words by Jasmine Marshall // from the April issue of 904 Magazine

The year is 2007 and social networking sites have more or less divided the Internet into “adaptors” and “nonbelievers.” In one camp, bloggers swear by the practice of branding and non-stop status updates; in the other, professors advise their students not to look into social media job titles that may not exist in five years; Business professionals consider them useless. At the time, social media seemed exciting, yet frivolous.

Fast forward to 2015, when social media firms and creative agencies are legitimate organizations. For a business, “We don’t have a Facebook page” is now as ludicrous a statement as “We don’t have a phone number,” and it’s not terribly uncommon for self-help books like Twitter For Dummies to litter workplace bookshelves and cubicles.

Networking sites are considered a necessity but social media, for all its worth, is still as mystifying as ever for many corporate entities. Under the impression that participation alone is enough, many businesses opt to meet a quota for posts or tweets or maintain a constant presence online. To be sure, there’s some truth to these bits of advice; as with most things, there is a time and a place for a post or tweet and being active and consistent with updates is considered essential.

But the truth is, according to Dalton Agency’s social media strategist Heather Smith, there’s no one-size-fits-all approach to mastering social media. In fact, the only universal “rule” is to pay attention. With that in mind, industry insiders offer tips for making the most of social media.

Take advantage of insights

“A lot of businesses don’t even harness the amount of insight and analyses they can get from social channels,” Smith says. “It’s really important to pay attention to those things to know if what you’re doing is actually working—if it’s even worthwhile.”

Analyzing data is what helps businesses and companies stay considerate of their demographic. Understanding insights makes it easier to adjust messaging and create for a more engaging experience. The ways the audience interacts with a brand or business—the feedback, ideas and perspectives they offer—is what helps with decision-making and communication.

“At that point, you’re not just pushing out messaging, you’re building a relationship with your audience,” Smith says. “It’s more symbiotic, and it makes a company appear more human.”

Choose the right platform

Likewise, the choice of platform is an important decision to make. While it may be tempting to try to manage accounts on every popular social media network, there’s no point in pushing messages in places without the right reach.

Smith says that it’s important not to just push messaging anywhere—selecting the right platforms will allow for a more meaningful experience. Utilize secondary research sites like PEW to find useful demographics.

Actively engage with the audience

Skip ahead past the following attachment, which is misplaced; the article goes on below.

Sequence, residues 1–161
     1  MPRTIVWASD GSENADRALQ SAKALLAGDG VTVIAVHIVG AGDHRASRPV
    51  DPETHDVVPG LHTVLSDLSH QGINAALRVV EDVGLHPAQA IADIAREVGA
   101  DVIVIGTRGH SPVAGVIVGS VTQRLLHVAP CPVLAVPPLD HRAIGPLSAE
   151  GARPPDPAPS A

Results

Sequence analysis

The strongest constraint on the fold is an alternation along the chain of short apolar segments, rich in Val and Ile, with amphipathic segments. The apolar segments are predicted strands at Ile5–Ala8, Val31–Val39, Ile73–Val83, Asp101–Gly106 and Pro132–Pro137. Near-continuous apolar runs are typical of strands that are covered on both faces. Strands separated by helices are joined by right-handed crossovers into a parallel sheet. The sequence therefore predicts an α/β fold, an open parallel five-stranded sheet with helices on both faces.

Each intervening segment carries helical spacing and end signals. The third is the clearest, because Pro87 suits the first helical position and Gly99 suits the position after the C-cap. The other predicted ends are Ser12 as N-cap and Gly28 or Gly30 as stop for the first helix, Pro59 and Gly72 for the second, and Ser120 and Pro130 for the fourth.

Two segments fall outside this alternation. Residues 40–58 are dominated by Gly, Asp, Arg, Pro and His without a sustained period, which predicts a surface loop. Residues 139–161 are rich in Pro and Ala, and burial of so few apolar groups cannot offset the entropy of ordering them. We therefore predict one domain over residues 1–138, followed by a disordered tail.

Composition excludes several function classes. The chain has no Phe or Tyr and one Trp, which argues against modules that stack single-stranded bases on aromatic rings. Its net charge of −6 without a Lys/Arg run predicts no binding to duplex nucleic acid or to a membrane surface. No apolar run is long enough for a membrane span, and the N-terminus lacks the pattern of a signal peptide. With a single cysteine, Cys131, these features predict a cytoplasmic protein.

The practice of communicating with followers and initiating discussion is another component of social media that cannot be overstated.

Smith warns that successful engagement is about more than just a “Like” or a “Follow.” The true measure of any company, brand or business’ success is how much their audience genuinely cares about what these businesses have to say.

Develop strategies, goals and objectives for each platform

Not having a message or a plan is often what makes social media seem so overwhelming. It may not seem necessary, but the audience will be able to tell when a business doesn’t have a plan. Content needs to be tailored differently for the trends of every platform, and each message needs to have a purpose.

“Ask yourself what you’re trying to say before you say it,” Smith says. “Ask yourself who you’re trying to reach.”

Understand the risks and plan for a crisis

“There are always risks, especially when people can have a portal to comment,” Smith warns. “But don’t look at it as a risk. Look at it as an opportunity—an opportunity for you to communicate and see why your audience is frustrated or happy. Use it as a tool. Don’t think of it as something scary and out of your control.”

Understand the consumer and the platform

Comprehension eliminates irrelevant messaging and overwhelming content. Most of all, understanding the consumer will allow for more feedback and interactions, the most valuable things a business can be offered. Feedback creates the opportunity for businesses to identify issues and consumers they might not have otherwise been aware of, and provides an instantaneous, inexpensive way to get at eye level with their audiences.

“If you think public relations is important then you need to think social media is important as well,” says Smith. “Public perception is something that you can massage—you can’t necessarily control it, but having a presence where someone can go and share their feelings and being able to respond in real time makes it apparent that you care.”